Chopin's Mazurkas - Part 7

This article is part 38 of 47 in the 2022 music project series.
This article is part 7 of 7 in the Reviewing Chopin's mazurkas series.
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I was planning to cover the guitar solo from Days of the New's Touch, Peel and Stand, but I'm in the process of migrating my recording computer to a more powerful laptop, and also switching from Xubuntu to Ubuntu Studio, and it has not gone as swimmingly as I had hoped. So most of this week was spent debugging Ardour crashes and buying USB hubs with a power supply.

So I'm going to do what I always do in these situations: give up and listen to more mazurkas. Luckily there are only three in Opus 50, so I can smash through them in the next 24 hours and not feel like a loser for missing a week.

Trois Mazurkas

For à Mr. Léon Szmitkowski.

Op. 50, No. 1 in G major

Some interesting passing tones in the A section here. Very minuet-like.

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Passing tones in the left hand
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A passing tone stands and ends this phrase

After repeating the A/B sections twice there's a very abrupt modulation to C minor as the left hand takes over the melody.

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Not-so-subtle modulation to C minor

Some kind of neat diminished triads lead into the Coda involving the iv (C minor). Like a Picardy third variation. I'm sure there's a music theory name for it.

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Diminished triads resolve to D which is the V of G which is the V of C minor

Op. 50, No. 2 in A♭ major

A slow and subtle lead in reminded me of the intro to Chopin's 3rd Ballade. But there aren't really any similarities beyond starting on the same note in the same key.

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Intro to Op. 50, No. 2
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Intro to Ballade No. 3 in A-flat Major

This mazurka strikes me as kind of a cross between a Waltz and a Nocturne. It's got the Waltz meter and rhythm but it's kind of melancholy, like many of his nocturnes. And then it modulates to D♭ and now it's a Polonaise. And of course it just repeats for a while, in case you forgot it was actually a mazurka.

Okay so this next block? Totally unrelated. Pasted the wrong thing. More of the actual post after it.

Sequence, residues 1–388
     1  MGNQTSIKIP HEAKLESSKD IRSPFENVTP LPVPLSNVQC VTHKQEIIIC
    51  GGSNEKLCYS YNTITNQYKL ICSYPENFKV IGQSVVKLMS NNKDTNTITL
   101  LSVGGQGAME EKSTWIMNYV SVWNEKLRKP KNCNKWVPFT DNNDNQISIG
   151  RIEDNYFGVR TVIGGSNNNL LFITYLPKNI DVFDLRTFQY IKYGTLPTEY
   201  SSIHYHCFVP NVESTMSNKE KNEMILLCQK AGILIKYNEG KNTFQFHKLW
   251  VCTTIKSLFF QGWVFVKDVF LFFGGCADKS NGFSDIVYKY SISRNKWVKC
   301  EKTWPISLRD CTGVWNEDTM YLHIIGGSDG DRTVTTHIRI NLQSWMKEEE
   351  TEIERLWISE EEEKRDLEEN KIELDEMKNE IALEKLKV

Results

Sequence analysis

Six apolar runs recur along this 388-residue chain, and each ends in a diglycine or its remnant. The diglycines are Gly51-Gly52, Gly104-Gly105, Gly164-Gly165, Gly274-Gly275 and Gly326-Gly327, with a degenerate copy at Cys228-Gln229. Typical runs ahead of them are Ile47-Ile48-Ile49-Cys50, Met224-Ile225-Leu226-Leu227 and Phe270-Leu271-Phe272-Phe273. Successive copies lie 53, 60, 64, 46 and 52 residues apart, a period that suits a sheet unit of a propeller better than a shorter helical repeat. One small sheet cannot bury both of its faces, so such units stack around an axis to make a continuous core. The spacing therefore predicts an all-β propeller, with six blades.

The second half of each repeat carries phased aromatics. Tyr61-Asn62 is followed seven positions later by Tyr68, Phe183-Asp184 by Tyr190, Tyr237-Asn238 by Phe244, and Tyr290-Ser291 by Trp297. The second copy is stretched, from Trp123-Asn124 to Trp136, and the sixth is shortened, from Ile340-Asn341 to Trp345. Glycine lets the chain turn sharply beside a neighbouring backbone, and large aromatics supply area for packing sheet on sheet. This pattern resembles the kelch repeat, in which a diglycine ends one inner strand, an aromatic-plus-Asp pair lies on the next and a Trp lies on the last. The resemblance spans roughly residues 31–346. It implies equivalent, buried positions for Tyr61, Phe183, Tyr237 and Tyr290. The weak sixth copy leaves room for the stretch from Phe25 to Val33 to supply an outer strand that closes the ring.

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A quick polonaise-like diversion in D♭

This was very pleasant and nice, and actually looks like it might be fun to play.

Op. 50, No. 3 in C♯ minor

I really like the intro on this piece. Kind of a call-and-response between left- and right- hands, featuring my favorite V of the V stuff, of course. And then it ruins it by just blindly repeating.

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Intro/main theme of Op. 50, No. 3

Then comes some Polonaise-like pounding on the keyboard, which is followed up with some truly beautiful left-hand phrasing.

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Very nice left-hand phrases with lots of accidentals

The C section modulates to the V in B major. This section ends with a nice transition to G♯ which leads back to the intro/A section motif in C♯ minor. This intro motif is expanded into what appears to be a four-voice fugue. It sounds very cool. Probably hard to play, though.

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C section in B major leads back to C♯ minor
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Suddenly a four-voice fugue

Some interesting ascending chord pregressions in the D section (or whatever). Rachmaninoniff basically ripped off this chromatic technique in every one of his concertos.

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Rachmaninoff clearly used this chromatic part as inspiration for everything he ever wrote